Amazon customers & workers fume as Bezos says 'YOU paid for this' after he flew into space on Blue Origin rocket

Amazon customers & workers fume as Bezos says 'YOU paid for this' after he flew into space on Blue Origin rocket

AMAZON customers and workers fumed as Jeff Bezos said "you paid for this" after he flew into space.

The Amazon founder was accompanied by a hand-picked group: his brother, an 18-year-old from the Netherlands and an 82-year-old aviation pioneer from Texas — the youngest and oldest to ever fly in space.

"Best day ever!" Bezos said when the capsule touched down on the desert floor in remote West Texas after the 10-minute flight.

During a press conference after the successful flight, Bezos thanked both Amazon workers and customers.

"I want to thank every Amazon employee and every Amazon customer because you guys paid for all this," Bezos said.

"So seriously, for every Amazon customer out there and every Amazon employee thank you from the bottom of my heart very it's very appreciated."

'SOMEHOW THIS IS REAL'

Reacting to the strange remark on Twitter, VICE reporter Matthew Champion wrote: "This is somehow a real quote."

Former Harvard Scientist Dr. Eric Feigl-Ding added: "(Narrator whispers)… paid with underpaid labor in sweatshop conditions all while you didn’t pay much taxes."

Numerous other users seized upon the opportunity to highlight the harsh working conditions some Amazon workers are reportedly subjected to.

"Think I just peed in a bottle a little bit," wrote FT reporter Elizabeth Peers, alluding to allegations made by some Amazon workers that they're forced to pee in bottles rather than take bathroom breaks.

Read our Blue Origin live blog for the latest news and updates…

Writer Joe Banks chimed in: "He should have gotten all the people who work for him to stand on top of each other so he could have just climbed to space."

'WHAT ABOUT CLIMATE CHANGE'

Others suggested that the millions Bezos spent on the Blue Origin project could likely have been better spent elsewhere.

"Jeff Bezos, back on Earth, just thanked Amazon.com customers for making it possible: 'You all paid for this.'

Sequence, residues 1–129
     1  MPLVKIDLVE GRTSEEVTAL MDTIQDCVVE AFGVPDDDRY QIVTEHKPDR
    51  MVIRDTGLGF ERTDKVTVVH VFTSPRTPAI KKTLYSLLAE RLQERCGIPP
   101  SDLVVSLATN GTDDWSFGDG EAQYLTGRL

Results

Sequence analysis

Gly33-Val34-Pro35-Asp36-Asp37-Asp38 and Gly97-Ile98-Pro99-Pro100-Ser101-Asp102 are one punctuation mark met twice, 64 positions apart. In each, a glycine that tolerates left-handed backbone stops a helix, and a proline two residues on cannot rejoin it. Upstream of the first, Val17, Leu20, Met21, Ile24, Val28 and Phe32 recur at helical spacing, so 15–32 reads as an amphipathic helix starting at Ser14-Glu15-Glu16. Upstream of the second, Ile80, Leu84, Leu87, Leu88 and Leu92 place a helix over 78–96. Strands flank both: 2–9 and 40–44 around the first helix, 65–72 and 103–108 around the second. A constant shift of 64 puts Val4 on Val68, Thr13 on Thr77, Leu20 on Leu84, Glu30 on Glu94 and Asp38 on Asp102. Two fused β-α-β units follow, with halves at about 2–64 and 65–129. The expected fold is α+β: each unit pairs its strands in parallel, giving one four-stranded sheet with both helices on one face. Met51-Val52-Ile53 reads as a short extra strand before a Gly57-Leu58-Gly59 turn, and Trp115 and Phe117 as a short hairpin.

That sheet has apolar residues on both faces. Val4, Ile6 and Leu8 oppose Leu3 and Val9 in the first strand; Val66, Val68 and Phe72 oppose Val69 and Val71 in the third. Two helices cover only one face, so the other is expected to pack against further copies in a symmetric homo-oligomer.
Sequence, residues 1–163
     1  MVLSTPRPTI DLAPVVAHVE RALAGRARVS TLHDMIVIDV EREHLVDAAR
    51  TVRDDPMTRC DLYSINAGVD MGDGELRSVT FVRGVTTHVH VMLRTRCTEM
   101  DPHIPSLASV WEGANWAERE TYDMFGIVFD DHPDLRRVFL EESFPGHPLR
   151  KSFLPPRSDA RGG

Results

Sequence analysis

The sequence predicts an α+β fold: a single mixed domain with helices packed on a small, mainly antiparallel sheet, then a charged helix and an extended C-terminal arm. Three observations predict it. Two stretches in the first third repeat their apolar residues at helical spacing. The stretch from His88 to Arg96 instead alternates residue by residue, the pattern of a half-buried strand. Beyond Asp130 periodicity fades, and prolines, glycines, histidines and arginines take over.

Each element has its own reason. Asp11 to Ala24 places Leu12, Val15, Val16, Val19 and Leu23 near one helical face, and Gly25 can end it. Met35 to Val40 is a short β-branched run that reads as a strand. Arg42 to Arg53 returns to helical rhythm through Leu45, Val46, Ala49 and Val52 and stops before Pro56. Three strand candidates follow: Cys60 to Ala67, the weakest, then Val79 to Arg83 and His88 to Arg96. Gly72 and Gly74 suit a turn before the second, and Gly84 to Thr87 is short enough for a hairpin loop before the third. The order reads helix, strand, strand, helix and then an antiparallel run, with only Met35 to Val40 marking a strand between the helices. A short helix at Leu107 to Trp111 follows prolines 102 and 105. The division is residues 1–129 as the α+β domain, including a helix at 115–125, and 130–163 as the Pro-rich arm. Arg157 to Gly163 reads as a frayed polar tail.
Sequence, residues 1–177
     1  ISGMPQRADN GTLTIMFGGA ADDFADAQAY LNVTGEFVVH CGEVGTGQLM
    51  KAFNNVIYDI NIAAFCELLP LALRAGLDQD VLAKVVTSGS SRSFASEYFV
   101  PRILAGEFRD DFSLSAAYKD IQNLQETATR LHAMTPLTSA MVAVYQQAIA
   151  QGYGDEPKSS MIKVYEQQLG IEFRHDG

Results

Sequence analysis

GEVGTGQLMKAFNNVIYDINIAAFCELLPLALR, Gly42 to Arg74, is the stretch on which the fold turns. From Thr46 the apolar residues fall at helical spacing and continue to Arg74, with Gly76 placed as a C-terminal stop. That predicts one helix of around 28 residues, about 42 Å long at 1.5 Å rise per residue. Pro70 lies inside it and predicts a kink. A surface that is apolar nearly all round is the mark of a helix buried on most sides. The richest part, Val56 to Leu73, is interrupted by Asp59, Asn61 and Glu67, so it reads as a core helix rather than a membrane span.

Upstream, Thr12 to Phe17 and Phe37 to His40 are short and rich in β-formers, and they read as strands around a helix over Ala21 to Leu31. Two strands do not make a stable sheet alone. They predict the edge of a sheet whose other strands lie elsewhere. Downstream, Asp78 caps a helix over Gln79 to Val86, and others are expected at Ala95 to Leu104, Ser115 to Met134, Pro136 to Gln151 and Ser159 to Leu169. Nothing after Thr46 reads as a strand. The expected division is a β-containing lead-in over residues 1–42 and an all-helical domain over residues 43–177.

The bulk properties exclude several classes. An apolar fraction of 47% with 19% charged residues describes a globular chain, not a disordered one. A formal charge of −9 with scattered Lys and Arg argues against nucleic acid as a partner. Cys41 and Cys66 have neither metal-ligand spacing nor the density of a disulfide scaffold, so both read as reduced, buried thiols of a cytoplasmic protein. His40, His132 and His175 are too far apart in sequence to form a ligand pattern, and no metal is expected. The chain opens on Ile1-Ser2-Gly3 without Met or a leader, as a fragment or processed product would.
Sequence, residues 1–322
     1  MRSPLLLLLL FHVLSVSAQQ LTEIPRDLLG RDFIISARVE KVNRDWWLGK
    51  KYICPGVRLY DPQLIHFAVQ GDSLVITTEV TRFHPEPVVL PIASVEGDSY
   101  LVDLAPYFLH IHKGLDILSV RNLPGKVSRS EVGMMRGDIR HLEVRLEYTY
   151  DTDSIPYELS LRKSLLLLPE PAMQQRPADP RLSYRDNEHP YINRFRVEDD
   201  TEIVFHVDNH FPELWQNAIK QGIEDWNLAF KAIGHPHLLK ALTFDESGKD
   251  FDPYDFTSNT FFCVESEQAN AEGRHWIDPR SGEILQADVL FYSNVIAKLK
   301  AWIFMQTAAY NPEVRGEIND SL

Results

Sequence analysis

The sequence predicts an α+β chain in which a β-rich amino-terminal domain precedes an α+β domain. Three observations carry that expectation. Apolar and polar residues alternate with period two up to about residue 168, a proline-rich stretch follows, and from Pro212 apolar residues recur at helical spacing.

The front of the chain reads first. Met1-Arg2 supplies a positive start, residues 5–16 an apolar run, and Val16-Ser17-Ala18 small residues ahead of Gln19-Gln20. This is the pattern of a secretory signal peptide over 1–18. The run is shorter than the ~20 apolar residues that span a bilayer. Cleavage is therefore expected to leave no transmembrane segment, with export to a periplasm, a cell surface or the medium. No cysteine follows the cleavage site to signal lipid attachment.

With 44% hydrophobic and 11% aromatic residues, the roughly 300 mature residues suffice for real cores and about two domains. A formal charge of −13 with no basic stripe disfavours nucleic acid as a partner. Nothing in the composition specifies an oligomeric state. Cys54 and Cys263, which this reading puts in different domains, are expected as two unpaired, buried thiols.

"So … how about using some of that Amazon money to battle climate change, racial and gender injustice and income inequality?"

Striking a similar tone, The Ink's Anand Giridharadas wrote: "As you watch images of Bezos' rocket rise and fall, just remember that every dollar underwriting that spectacle should have been paid as wages to workers and as taxes for the commons — and wasn't."

Some were quick to race to the defense of the world's richest man, however.

User Hank Meyer wrote: "I'm an Amazon customer, & I'm not offended. At least I got something useful to me out of my contributions.

"I'm paying for NASA too, but the IRS doesn't send me products every time I pay them," he said.

Named after America’s first astronaut, Blue Origin’s New Shepard rocket soared on the 52nd anniversary of the Apollo 11 moon landing, a date chosen by Bezos for its historical significance.

He held fast to it, even as Virgin Galactic’s Richard Branson pushed up his own flight from New Mexico in the race for space tourist dollars and beat him to space by nine days.

Unlike Branson’s piloted rocket plane, Bezos’ capsule was completely automated and required no official staff on board for the up-and-down flight.

Blue Origin reached an altitude of about 66 miles, more than 10 miles higher than Branson’s July 11 ride.

The 60-foot booster accelerated to Mach 3 or three times the speed of sound to get the capsule high enough, before separating and landing upright.

The passengers had several minutes of weightlessness to float around the spacious white capsule with huge windows. Cheering, whooping and exclamations of “wow” could be heard from the capsule through an audio feed.

The capsule landed under parachutes, with Bezos and his guests briefly experiencing nearly six times the force of gravity, or 6 G’s, on the way back.

Led by Bezos, they climbed out of the capsule after touchdown with wide grins, embracing parents, partners and children, then popped open bottles of sparkling wine, spraying one another.

Their flight lasted 10 minutes and 10 seconds — five minutes shy of Alan Shepard’s Freedom 7 flight in 1961.

More to follow…

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